•Cannot accept the theme of placing Doyle’s Sherlock Holmes in Lovecraft’s world.

Conclusion
While the game doesn’t achieve “more with less”, it definitely creates the fun, suspense, opportunities and feel of the first edition, with less than before. By just succeeding in that, Wallace and Treefrog Games have made a significant achievement. The game can now be enjoyed by a much wider audience, of many ages. There is lots of fun to be had with this version, for a long time too. Although some have nostalgia for the first edition, if you let the good times roll with this edition you will create new and equally valued experiences. As Treefrog Games proposes: “…take a punt on this version”!!!

My rating by Board Game Geek guidelines: 8.5/10
(You know my methods, Wallace).
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birchbeer
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Great review!

DISCLAIMER
I guess the disclaimer on the back of the box definitively kills the first edition: "However, as the first edition will never be printed again...” soblue

CARDS
Nice catch on the icons being on different sides, especially since it would seem to be an unavoidable 'tell'.

AGENT MEEPLES
As for your request for better Agent meeples, I use these:


THE SANITY DIE
While I think this is a good 'streamlining' idea, instead of drawing tiles from a bag, the problem is that it doesn't account for how the odds are skewed as the game progresses. One of the many expansion ideas I was kicking around for the original game was to have certain characters with an ability to alter the composition of the sanity tiles, i.e., to add or remove certain tiles from the bag a'la (War of the Ring style).

ADVANTAGES
I'm wondering if your group talked about some of the changes they really liked that could be applied to the original game in some form? For example,

*Remove the blocking disks and change the blocking card in each player's basic deck to some other option. Perhaps something powerful like the ability to 'take a second card' from the board as if it were your first action?
*Make purchasing influence from stock a free action?
*Change the cost for movement to one coin per city.
*Make the Permanent Effects cards not permanent. Either they have a one time effect or they occupy your hand like other cards (modified accordingly) and mix them in with all the other cards.
*Simply the vampires, zombies and a few other cards with ambiguous rules.


DISADVANTAGES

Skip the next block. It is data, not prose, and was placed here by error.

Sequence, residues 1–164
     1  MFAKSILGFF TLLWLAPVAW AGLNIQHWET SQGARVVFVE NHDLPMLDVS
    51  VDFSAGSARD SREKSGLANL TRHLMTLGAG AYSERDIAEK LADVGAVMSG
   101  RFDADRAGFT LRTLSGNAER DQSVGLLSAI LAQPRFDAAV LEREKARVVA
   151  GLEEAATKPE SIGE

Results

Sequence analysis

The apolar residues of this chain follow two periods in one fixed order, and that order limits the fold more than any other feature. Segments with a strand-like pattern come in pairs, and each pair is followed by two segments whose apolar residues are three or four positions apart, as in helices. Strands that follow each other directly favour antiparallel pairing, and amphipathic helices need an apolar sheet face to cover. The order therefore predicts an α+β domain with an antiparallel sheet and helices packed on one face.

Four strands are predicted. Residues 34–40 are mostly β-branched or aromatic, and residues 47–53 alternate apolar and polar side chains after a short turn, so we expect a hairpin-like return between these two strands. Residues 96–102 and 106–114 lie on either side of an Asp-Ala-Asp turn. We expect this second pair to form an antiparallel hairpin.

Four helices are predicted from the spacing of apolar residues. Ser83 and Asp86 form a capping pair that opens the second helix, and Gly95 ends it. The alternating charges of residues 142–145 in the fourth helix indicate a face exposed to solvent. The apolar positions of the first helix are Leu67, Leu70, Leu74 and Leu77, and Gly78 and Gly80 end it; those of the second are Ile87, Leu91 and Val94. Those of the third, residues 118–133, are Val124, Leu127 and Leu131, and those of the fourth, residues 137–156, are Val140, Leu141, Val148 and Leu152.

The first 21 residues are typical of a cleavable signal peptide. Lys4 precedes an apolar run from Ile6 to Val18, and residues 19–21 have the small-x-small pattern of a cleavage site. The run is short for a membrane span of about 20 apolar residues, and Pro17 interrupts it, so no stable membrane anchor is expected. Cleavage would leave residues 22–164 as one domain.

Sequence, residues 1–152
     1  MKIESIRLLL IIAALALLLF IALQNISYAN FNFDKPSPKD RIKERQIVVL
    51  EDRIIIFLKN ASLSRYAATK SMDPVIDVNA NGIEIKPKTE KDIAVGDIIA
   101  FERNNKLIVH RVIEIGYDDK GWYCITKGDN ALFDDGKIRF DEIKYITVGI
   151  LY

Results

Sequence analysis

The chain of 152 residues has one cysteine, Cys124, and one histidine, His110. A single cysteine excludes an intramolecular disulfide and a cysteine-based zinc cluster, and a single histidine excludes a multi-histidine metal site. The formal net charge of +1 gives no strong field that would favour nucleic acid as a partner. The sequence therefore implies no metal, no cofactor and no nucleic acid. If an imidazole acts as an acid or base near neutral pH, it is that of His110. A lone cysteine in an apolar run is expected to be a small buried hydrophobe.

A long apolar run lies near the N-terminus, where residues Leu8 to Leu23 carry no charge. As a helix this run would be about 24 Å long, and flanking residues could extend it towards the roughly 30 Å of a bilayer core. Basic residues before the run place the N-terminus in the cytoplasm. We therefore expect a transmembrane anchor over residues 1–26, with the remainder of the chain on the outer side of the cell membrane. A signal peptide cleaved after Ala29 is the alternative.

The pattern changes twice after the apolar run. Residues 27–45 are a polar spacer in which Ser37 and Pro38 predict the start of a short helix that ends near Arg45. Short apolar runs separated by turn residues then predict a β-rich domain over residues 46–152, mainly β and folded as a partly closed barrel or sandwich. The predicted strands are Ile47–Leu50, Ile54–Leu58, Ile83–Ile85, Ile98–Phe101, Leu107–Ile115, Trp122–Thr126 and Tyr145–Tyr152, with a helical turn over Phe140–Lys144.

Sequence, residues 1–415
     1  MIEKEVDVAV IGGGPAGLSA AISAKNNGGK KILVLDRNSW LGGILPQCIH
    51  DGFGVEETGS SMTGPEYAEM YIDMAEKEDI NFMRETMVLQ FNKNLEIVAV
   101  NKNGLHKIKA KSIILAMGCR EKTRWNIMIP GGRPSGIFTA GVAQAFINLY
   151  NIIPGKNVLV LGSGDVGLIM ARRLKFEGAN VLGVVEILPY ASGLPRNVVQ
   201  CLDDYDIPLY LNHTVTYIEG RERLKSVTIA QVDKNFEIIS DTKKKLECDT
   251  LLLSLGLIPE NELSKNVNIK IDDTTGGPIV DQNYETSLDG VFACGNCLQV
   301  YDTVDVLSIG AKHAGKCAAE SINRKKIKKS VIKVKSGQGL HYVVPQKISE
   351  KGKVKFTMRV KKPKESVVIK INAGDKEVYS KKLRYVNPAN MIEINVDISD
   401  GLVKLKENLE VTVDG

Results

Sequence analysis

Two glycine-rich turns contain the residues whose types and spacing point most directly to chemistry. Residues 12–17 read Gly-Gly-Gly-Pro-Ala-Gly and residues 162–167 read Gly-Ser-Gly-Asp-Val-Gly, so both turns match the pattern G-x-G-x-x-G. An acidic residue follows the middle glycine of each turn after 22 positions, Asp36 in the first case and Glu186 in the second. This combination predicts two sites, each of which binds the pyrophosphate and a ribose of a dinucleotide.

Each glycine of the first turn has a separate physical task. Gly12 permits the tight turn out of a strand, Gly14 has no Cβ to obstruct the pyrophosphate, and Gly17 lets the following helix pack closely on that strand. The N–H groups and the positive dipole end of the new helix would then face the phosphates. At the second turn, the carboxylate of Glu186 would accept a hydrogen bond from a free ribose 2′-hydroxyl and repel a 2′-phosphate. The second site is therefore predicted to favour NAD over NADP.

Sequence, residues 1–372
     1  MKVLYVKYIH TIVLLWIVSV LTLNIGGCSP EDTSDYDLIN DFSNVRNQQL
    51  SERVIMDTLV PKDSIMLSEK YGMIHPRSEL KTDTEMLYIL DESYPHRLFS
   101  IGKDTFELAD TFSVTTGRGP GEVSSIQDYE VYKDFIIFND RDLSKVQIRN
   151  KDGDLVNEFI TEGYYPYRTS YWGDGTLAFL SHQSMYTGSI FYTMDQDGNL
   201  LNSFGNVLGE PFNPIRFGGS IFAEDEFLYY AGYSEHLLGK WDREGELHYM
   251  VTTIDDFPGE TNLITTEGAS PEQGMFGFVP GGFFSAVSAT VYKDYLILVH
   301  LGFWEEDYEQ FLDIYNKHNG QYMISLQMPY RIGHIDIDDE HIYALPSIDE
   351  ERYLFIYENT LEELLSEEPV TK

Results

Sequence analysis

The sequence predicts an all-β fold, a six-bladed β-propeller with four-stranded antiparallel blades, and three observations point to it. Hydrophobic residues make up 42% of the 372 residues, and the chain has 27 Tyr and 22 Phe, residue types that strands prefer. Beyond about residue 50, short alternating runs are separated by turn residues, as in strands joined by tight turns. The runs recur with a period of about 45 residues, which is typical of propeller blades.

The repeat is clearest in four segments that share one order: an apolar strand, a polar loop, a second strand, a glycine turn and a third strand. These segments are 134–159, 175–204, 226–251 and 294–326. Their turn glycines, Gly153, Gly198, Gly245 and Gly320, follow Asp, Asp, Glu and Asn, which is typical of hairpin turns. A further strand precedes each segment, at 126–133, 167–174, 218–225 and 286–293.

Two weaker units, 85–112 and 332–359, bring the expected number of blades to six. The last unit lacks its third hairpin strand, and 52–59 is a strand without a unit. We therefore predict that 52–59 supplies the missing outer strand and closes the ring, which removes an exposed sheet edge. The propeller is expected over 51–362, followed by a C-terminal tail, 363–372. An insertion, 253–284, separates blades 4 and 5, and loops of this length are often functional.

My biggest concern is one you didn't specifically touch on. That is the inability to recapture city cards from another player. With the last-place-faction losing mechanic removed, and the ability to lower War tracks removed, there seems no real ability to slow down a runaway player (which happens). Just losing five points at the end if you happen to be on the losing faction (which is just random chance) is not a deterrent to a runaway. In fact, it seems he would try to end the game even more quickly.

GAME BALANCE
The original game was asymmetric and even imbalanced... in a balanced sort of way. The early game favored Restorationists, the later game Loyalists. This created a very interesting and unique dance which was balanced by the last-place-faction losing mechanic. Discovering other peoples' secret identities was also critical. Holding back, even playing the lagger for a bit to keep your identity hidden, rather than just dashing for points, was a real cat-and-mouse option. I consider this the real heart of the original game.

So with the second edition, I'm curious if the two factions are now completely balanced? By that I mean, were the cards redesigned in such a way that Restorationists and Loyalists have an equal footing? It doesn't sound so, especially if you are suggesting some 'official compensation' points to be applied in some cases.

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Greg Wilson
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bamonson wrote:
So with the second edition, I'm curious if the two factions are now completely balanced? By that I mean, were the cards redesigned in such a way that Restorationists and Loyalists have an equal footing? It doesn't sound so, especially if you are suggesting some 'official compensation' points to be applied in some cases.
Haven't played first ed, but there are definitely more cards in the deck that give Loyalist VPs on gain than Restorationist, and more cards that move the Restorationist track than Loyalist.
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Ash Jones
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Thanks for your feedback and comments bamonson. You definitely have some agent meeples worth envying

bamonson wrote:

THE SANITY DIE
While I think this is a good 'streamlining' idea, instead of drawing tiles from a bag, the problem is that it doesn't account for how the odds are skewed as the game progresses. One of the many expansion ideas I was kicking around for the original game was to have certain characters with an ability to alter the composition of the sanity tiles, i.e., to add or remove certain tiles from the bag a'la (War of the Ring style).